The New York Times has an intriguing piece this morning on how Sen. Ted Cruz is starting to have some success in worming his way into favor with the establishment of the Republican party.
Ted Cruz Starts to Crack G.O.P. Establishment’s Wall of Opposition
NEW ORLEANS — Striding up the sidewalk of one of this city’s most affluent neighborhoods on Monday evening, S. Scott Sewell seemed an unlikely figure to be attending a fund-raiser for Senator Ted Cruz. An oil industry executive, Mr. Sewell served in President George Bush’s administration, lent a hand to George W. Bush’s 2000 presidential recount, and was twice a chairman for Mitt Romney’s Louisiana campaigns.
But if such a creature of the Republican establishment appeared an odd fit to support a candidate whose political identity was shaped challenging his party’s leadership, the candlelit, art-filled setting for Mr. Cruz’s reception was even more surprising: the elegant home of the longtime Bush loyalist Mary Matalin and her husband, James Carville, the Democratic strategist. …
Some in the old guard have started signaling to their reluctant right-of-center brethren that it is time to face the possibility that the hard-line Mr. Cruz could be their standard-bearer.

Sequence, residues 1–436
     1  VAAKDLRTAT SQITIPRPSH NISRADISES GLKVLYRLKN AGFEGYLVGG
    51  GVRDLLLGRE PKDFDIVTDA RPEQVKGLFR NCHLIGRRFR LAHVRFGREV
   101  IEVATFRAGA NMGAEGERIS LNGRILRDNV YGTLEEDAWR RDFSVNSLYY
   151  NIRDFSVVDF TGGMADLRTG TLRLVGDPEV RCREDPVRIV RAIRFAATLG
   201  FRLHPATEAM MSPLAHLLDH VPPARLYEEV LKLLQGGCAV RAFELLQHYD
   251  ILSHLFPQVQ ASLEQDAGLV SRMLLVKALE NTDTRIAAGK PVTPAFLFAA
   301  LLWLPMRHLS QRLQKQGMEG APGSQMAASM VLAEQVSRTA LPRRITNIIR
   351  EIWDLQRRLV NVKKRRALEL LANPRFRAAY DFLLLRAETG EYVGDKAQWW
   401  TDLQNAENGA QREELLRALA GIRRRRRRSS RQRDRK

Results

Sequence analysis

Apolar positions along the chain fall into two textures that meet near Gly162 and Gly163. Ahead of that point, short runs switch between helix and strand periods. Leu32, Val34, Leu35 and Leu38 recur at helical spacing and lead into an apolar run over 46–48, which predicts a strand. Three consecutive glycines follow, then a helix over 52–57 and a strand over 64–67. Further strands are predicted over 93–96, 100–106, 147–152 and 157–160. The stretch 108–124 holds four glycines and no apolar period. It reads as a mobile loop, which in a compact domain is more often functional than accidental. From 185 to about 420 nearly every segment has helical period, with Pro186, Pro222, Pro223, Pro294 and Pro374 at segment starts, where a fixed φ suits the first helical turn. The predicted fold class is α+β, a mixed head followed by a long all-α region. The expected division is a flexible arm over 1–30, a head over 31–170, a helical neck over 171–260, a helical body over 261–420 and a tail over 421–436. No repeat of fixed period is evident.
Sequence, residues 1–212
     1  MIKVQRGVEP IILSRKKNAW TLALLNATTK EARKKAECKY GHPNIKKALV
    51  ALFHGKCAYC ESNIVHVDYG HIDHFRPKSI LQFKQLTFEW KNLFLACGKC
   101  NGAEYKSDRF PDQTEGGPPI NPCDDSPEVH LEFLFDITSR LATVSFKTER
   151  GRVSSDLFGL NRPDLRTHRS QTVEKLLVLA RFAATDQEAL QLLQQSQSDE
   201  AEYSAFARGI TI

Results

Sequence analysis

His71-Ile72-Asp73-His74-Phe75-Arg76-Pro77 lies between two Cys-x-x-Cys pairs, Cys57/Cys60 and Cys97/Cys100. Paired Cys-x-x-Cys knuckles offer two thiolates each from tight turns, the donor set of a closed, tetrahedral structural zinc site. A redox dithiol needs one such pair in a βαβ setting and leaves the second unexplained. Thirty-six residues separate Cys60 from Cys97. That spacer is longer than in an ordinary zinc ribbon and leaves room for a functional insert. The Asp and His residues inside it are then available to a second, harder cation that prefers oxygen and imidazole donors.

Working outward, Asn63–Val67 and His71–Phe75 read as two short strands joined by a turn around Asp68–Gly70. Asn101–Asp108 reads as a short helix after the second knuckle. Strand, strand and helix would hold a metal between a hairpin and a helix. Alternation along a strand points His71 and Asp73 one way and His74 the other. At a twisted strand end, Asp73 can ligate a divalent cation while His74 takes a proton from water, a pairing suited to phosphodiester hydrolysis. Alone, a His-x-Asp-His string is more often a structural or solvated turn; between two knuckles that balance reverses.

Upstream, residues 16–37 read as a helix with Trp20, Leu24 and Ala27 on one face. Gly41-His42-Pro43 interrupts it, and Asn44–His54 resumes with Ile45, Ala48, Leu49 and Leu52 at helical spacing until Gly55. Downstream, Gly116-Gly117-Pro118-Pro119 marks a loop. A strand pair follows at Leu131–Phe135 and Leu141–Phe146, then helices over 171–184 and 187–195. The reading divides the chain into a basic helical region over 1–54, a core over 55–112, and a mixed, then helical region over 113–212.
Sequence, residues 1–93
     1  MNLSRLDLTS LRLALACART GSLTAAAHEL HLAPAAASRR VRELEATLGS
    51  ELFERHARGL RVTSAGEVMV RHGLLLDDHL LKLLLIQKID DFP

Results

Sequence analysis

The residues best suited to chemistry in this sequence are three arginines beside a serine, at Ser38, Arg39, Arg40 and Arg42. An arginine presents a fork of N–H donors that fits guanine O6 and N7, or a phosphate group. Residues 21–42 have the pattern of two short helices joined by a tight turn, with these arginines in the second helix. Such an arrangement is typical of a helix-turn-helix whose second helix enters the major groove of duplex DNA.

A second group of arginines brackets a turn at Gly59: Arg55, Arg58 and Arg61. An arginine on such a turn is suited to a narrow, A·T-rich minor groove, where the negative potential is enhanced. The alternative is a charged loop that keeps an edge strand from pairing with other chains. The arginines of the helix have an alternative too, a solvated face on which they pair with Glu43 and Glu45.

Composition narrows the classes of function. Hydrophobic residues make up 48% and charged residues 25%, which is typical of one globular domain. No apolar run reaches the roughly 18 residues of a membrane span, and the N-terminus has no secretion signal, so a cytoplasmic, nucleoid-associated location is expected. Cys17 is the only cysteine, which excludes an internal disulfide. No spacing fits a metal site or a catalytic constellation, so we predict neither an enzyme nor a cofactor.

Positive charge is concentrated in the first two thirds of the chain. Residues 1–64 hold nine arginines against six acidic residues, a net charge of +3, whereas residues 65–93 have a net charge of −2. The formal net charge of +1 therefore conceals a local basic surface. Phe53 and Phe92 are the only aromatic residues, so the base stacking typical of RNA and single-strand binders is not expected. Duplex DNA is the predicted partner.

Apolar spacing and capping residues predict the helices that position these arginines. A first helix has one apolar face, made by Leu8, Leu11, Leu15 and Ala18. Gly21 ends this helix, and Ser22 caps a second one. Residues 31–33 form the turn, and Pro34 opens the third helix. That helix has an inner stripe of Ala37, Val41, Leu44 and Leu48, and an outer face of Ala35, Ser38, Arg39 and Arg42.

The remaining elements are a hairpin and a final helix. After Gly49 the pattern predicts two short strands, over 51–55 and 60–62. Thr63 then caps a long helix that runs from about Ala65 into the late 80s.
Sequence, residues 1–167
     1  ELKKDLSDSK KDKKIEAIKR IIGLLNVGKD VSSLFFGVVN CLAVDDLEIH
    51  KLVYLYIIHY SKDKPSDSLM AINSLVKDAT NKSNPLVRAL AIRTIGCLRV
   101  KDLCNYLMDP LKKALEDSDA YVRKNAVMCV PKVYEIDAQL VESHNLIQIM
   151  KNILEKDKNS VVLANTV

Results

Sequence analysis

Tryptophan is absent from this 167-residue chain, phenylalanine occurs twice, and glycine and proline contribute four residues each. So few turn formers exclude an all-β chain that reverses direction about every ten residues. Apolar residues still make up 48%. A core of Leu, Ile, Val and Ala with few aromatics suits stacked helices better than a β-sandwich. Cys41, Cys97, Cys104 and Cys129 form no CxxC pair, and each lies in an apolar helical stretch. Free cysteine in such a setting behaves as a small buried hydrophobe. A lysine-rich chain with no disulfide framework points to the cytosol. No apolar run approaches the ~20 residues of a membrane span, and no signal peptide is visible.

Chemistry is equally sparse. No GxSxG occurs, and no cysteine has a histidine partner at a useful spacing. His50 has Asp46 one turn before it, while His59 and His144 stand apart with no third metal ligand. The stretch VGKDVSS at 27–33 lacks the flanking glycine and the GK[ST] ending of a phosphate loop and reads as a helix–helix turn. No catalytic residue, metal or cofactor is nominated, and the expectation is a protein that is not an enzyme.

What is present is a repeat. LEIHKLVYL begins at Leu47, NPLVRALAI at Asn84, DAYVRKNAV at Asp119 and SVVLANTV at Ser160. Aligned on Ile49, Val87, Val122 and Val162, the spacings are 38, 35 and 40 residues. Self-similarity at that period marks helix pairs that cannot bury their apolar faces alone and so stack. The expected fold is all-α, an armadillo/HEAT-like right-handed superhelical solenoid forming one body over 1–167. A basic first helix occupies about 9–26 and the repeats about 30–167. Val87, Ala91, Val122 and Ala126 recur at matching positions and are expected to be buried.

“If Cruz makes it, which is very doable, every one of the establishment crowd who is now eviscerating him will line up, salute smartly and get on board,” Ms. Matalin said, offering a mix of prodding and prophecy. “No one will want to be responsible for a G.O.P. defeat.”
That even traces of détente have appeared between Mr. Cruz and the party’s traditional power brokers this early illustrates how thoroughly unpredictable the Republican race has been — and that, for major political donors, it can be safer to hedge one’s bets in such a volatile environment.
In the meantime, as S.V. Dáte points out at National Journal, Cruz is having to fend off “birther” insinuations from Donald Trump, the rival candidate he has refrained from attacking:
In return, Trump has begun floating questions about Cruz’s Canadian birth, and whether it makes him ineligible for the presidency under the Constitution. Worse for Cruz, it started just as he was kicking off a six-day bus tour of Iowa—a state he’s hoping will springboard his campaign to a string of primary victories.
We’ll see if Cruz can hang on to his 3-point lead over Trump in Iowa (as reported by the Des Moines Register) in the three weeks leading up to the caucuses there.